The Federal Trade Commission (FTC) has released a copy of a letter that it sent to PayPal stating that the agency was closing an investigation into potential Telemarketing Sales Rule (TSR) violations by the company. This release provides important insights on how companies can design their user agreements to avoid TSR violations.
As background, PayPal had indicated that it planned to make changes to its User Agreement to give the company greater flexibility to make phone calls and send text messages to its users. Specifically, PayPal’s updated User Agreement stated, “You consent to receive autodialed or prerecorded calls and text messages from PayPal at any telephone number that you have provided us or that we have otherwise obtained. We may place such calls or texts to (i) notify you regarding your account; (ii) troubleshoot problems with your account; (iii) resolve a dispute; (iv) collect a debt; (v) poll your opinions through surveys or questionnaires, (vi) contact you with offers and promotions, or (vii) as otherwise necessary to service your account or enforce this User Agreement.” The only way for customers to avoid being contacted in this manner was to discontinue use of PayPal’s services.
The FTC conducted an investigation to determine whether PayPal’s User Agreement was in violation of the TSR. The FTC stated that PayPal’s revised User Agreement raised two TSR issues. First, under the TSR, PayPal cannot place telemarketing calls to a number found on the National Do Not Call Registry unless: (1) the consumer has provided express written consent to receive such calls; or (2) PayPal has an established business relationship with the consumer and the consumer has not stated that he or she does not wish to receive outbound telephone calls. Second, the FTC stated that PayPal would violate the TSR if it made prerecorded telemarketing calls to consumers without obtaining “prior express written consent.”
Furthermore, the FTC noted that PayPal’s updated User Agreement did not adequately obtain “prior express written consent” for three reasons. First, the agreement did not allow the consumer to specify a phone number to which calls can be placed (the User Agreement instead stated that PayPal may contact a customer at “any telephone number… we [PayPal] have otherwise obtained”). Second, PayPal’s request for consent was not “clear and conspicuous” because it was buried in a lengthy agreement. Third, the FTC stated that the written consent obtained from a consumer can only extend to a “specific party,” and does not extend to affiliates and service providers (parties that were mentioned in PayPal’s User Agreement).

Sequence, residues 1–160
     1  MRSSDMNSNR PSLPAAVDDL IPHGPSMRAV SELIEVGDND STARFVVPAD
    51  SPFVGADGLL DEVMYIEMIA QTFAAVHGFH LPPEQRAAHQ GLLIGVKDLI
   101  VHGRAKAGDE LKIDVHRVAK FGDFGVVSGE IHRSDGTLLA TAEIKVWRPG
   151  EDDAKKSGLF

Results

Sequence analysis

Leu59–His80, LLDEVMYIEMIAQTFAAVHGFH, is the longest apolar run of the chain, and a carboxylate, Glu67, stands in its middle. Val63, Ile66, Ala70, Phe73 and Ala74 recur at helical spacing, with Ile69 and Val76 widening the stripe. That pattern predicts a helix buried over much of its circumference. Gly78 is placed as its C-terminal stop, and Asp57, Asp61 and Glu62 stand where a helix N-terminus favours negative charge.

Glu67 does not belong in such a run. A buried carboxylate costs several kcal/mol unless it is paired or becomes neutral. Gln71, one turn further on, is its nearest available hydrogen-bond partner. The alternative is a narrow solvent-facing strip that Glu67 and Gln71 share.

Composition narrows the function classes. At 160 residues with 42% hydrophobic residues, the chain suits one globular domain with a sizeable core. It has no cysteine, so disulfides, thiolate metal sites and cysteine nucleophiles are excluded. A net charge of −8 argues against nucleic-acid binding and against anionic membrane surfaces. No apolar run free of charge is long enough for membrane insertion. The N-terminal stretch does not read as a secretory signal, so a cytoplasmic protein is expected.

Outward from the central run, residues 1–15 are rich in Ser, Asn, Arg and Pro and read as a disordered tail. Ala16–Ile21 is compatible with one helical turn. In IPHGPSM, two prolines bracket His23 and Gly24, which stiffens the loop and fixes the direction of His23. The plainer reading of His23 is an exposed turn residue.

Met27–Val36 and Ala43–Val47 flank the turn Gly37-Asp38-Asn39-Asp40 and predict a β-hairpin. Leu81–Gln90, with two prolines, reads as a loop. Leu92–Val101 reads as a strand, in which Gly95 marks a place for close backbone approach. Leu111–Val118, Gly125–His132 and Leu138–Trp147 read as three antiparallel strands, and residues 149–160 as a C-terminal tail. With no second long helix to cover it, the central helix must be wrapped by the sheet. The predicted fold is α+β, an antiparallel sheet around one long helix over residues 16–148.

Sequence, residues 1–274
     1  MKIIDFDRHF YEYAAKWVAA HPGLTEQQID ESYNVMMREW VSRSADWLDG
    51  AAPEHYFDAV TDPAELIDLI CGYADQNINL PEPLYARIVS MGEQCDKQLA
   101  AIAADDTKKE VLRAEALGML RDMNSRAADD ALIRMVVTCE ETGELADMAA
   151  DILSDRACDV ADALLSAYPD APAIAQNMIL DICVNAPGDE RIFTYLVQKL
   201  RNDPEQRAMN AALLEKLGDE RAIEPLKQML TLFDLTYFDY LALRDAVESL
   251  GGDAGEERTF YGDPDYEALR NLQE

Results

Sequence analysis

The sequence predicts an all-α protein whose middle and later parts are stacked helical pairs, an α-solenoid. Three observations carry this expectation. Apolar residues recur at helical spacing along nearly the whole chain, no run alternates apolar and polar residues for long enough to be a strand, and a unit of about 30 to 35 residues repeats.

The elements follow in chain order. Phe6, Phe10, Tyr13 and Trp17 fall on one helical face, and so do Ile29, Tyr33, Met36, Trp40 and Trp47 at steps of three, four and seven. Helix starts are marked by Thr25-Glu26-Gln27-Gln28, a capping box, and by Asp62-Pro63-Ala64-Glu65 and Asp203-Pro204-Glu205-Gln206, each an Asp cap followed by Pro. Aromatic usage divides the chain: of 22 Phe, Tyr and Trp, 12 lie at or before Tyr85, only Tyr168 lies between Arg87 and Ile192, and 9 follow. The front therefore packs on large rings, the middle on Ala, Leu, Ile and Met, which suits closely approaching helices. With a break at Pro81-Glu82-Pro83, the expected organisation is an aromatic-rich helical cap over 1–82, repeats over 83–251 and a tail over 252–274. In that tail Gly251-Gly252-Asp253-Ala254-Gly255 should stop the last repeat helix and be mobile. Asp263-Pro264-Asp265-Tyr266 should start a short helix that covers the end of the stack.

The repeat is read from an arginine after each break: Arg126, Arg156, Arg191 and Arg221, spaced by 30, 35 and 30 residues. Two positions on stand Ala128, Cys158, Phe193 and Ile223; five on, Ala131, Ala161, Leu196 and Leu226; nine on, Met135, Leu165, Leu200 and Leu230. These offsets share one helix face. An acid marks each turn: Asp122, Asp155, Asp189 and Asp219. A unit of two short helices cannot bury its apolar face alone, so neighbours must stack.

On June 29, 2015, PayPal revised the language in its User Agreement to address the FTC’s concerns. Specifically, PayPal’s updated User Agreement stated that PayPal will initiate “autodialed or prerecorded message calls or text messages at a phone number(s) you [the customer] have provided us [PayPal]” concerning a customer’s account, to investigate or prevent fraud, or to collect a debt. In addition, PayPal clarified that a consumer does not have to consent to receive communications in order to utilize PayPal’s products.
Following this update, the FTC stated that it would not initiate a TSR enforcement action because PayPal’s revised language addressed the FTC’s TSR concerns, and PayPal did not initiate any telemarketing calls to consumers based on its earlier proposed User Agreement.
In light of this FTC release, companies should take a fresh look at their terms and TSR compliance strategies – including the methods for obtaining consent and phone numbers to make calls to consumers.
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